Constructive feedback is invaluable. But it’s not always viewed that way by those receiving it – and especially not when it’s thoughtlessly delivered. Whether it’s a hurtful throw-away comment or an informational overload, it’s easy for leaders to come across as anything but helpful. So how can we create a culture where feedback is not only embraced but used to drive development?
Here are three ways to give better feedback, improve your leadership skills, and develop your team.
Imagine that one day, your colleague Drew tells you:
“Try being less needy when talking with Client A, it detracts from your strong argument.”
What was your first response? Was it: “Hey, I’ve got a strong argument”?
Or was it more like: “Hey, I’m needy.”
The human loss-aversion instinct is easy to trigger, and often, it makes us mentally equate feedback with negative criticism. It’s a fascinating survival instinct that our ancestors – over millennia – have honed, and it’s why we frequently gloss over the constructive part of a well-intentioned comment.
To overcome this instinctive defensiveness, trust between leaders and their people is essential. It can be the deciding factor in how others choose to interpret an otherwise neutral comment, tilting the scales toward ‘tuning in’ or ‘taking offense’.
If we want a culture where helpful advice is seen as such, co-workers should be able to understand that constructive criticism is genuine and well-meaning – that it’s given with their best interest in mind. To build trust, we can make our good intentions – their development – as clear as possible.
For example, Drew might have said:
“Your product creates so much value – don’t undersell yourself when talking with Client A.”
Let’s say that the next day, Drew comes over to you again:
“I heard you on the phone with Client B twelve weeks ago, you were so well-spoken and convincing.”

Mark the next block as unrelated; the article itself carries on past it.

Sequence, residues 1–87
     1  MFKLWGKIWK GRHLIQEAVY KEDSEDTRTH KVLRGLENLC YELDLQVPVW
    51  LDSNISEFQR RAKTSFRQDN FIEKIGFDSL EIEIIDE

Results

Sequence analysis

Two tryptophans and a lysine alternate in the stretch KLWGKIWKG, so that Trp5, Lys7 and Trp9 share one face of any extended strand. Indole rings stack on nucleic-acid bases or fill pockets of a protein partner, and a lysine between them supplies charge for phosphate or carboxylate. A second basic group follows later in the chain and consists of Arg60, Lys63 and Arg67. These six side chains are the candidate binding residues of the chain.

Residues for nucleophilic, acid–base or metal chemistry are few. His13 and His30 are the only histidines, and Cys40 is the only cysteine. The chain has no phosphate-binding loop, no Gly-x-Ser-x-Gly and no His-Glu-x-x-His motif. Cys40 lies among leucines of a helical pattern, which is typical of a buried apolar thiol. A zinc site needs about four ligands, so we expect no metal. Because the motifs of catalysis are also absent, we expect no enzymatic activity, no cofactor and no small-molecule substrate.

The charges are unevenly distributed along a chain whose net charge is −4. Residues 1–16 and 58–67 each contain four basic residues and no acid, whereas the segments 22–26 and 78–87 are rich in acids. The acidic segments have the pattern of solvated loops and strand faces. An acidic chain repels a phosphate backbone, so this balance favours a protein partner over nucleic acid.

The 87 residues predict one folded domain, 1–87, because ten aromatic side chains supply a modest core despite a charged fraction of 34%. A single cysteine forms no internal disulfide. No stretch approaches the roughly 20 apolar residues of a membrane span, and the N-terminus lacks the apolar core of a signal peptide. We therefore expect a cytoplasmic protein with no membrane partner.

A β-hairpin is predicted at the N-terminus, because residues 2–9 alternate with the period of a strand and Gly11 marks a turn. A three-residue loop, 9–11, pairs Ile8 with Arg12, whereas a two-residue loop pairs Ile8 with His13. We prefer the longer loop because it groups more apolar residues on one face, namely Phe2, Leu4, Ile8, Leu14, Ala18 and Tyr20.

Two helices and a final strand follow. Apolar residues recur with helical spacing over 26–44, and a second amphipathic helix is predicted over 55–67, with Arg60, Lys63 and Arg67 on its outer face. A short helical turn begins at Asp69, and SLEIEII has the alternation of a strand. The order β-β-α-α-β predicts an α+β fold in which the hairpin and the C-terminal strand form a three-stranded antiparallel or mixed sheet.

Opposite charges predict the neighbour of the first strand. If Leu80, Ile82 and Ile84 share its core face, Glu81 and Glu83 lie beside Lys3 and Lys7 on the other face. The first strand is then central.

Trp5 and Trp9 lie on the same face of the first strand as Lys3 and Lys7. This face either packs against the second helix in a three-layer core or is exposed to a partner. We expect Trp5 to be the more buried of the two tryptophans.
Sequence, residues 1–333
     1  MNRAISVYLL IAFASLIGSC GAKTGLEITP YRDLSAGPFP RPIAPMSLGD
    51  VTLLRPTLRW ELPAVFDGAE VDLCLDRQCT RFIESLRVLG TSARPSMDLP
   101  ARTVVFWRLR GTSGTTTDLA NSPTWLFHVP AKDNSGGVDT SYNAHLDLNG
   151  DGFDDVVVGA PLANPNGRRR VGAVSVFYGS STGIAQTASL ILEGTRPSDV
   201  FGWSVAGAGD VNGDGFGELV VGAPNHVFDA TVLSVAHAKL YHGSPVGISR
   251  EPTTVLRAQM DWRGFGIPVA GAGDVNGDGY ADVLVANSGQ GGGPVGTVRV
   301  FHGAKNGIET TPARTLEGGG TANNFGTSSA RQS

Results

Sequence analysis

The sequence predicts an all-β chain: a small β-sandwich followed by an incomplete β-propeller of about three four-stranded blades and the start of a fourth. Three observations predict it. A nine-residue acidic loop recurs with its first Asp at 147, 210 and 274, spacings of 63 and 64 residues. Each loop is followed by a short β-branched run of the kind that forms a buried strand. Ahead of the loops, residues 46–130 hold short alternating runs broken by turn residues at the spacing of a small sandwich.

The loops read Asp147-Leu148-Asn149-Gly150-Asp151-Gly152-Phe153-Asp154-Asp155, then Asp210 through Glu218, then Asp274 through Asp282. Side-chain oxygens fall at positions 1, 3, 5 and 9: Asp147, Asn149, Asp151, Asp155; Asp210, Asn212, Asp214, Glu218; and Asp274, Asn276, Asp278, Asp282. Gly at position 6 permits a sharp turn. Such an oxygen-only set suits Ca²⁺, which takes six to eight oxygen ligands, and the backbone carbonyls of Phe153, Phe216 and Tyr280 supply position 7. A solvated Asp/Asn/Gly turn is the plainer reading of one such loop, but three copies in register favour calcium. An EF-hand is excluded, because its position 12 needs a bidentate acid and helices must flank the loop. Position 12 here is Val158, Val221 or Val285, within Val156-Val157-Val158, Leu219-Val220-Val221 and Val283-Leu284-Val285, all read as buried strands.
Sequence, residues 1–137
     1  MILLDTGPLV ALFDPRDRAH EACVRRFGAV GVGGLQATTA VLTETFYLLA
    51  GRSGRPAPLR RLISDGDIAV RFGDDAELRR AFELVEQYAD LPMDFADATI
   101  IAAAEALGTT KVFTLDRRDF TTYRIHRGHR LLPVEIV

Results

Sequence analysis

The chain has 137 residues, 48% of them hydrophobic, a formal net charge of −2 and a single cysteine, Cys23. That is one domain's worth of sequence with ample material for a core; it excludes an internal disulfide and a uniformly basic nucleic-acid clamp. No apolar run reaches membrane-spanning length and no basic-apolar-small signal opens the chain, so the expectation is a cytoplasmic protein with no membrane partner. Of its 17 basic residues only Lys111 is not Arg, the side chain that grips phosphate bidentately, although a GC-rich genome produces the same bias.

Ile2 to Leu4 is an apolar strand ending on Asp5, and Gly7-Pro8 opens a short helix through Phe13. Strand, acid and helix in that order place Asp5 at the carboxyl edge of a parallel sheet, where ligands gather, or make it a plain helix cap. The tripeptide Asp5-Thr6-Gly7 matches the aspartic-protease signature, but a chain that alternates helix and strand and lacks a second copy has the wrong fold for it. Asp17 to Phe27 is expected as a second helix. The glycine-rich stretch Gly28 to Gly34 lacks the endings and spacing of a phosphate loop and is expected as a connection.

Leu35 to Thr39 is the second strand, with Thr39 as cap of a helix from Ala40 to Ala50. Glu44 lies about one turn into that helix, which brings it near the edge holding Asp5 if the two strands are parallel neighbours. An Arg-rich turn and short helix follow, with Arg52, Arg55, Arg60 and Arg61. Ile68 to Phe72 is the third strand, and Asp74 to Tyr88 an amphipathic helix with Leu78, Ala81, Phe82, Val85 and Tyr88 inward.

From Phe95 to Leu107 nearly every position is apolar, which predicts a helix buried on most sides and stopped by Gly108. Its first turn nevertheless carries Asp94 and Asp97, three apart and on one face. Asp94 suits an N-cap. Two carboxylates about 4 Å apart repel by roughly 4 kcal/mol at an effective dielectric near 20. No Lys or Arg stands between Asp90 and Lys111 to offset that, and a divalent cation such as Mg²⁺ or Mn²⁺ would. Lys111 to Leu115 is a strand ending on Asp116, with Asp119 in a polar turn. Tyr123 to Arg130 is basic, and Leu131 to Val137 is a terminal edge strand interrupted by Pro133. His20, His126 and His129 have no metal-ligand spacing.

You probably feel more positive toward Drew today, as well as about yourself. But what did you do, specifically, that was so great? How can you do more of it to improve your communication?
The answer is as unclear as Drew’s feedback – and this time it barely matters how constructively he phrased it. Effective feedback is delivered as soon as possible if we’re to make sense of it, learn from it, and grow. If positive reinforcement is to shape our behavior for the better, we need to know precisely what change we want to make. Wait too long, and growth opportunities get missed.
Organizations are busy environments, and we can’t always communicate our thoughts instantly. But while twelve weeks might seem ridiculous, it’s a lot shorter than the average time which passes between performance reviews. To be more punctual about feedback, leaders can make the effort to check in with their teams more frequently – if you can’t schedule more one-on-ones with your staff, try holding back less in the moment with specific compliments.
Twelve weeks ago, for instance, Drew might have said:
“I heard you use great data to convince Client B, but it was also really relevant emotionally.”
Wednesday rolls around and Drew pops over again – this time, he has a list of things he’d like to say. As he would do in a performance review, he is going through some KPIs:
“Your time management is exceptional – you’re on time every time like clockwork.
Some exciting things to continue working on – and I see you being great at these – are your presentation skills, financial analyses, attention to detail, spoken Arabic, written Arabic, non-verbal communication, and coffee-making. Keep up the great time management!”
How good do you feel about your time management now? Are you motivated to keep it up? Do you feel like Drew is a sincere guy with your best interests at heart? Drew may have learned the sandwich technique, but your answer to all three questions is probably negative.
As a leader, you already know that no two employees are the same. But what matters in a feedback-oriented culture is growth, and the effort that goes into that growth. When we praise others for their effort, we build their resilience and encourage them to persevere for the sake of getting better.
– Balancing negative and positive feedback (which Drew did terribly);
– Delivering manageable, actionable feedback; and
– Reinforcing effort as well as outcomes.
Your co-workers are less inclined to feel overwhelmed if you offer realistic amounts of advice, and they will feel more positive about taking action if their hard work is appreciated:
“You manage your time so well, it makes everything flow more smoothly around here. And I’ve noticed you’re working hard on your presentation skills – you’re becoming much more persuasive.”
Or sometimes, it’s as easy as just stopping with the positives.
“All those night classes are really, audibly improving your spoken Arabic. Great accent!”
So, how can we give better feedback? In short:
– Create a trusting environment for development. Give positive feedback which has clear, constructive intentions;
– Give timely, precise feedback to shape behavior; and
– Balance your feedback – try to consider the amount and positive nature of your comments, as well as praising effort.
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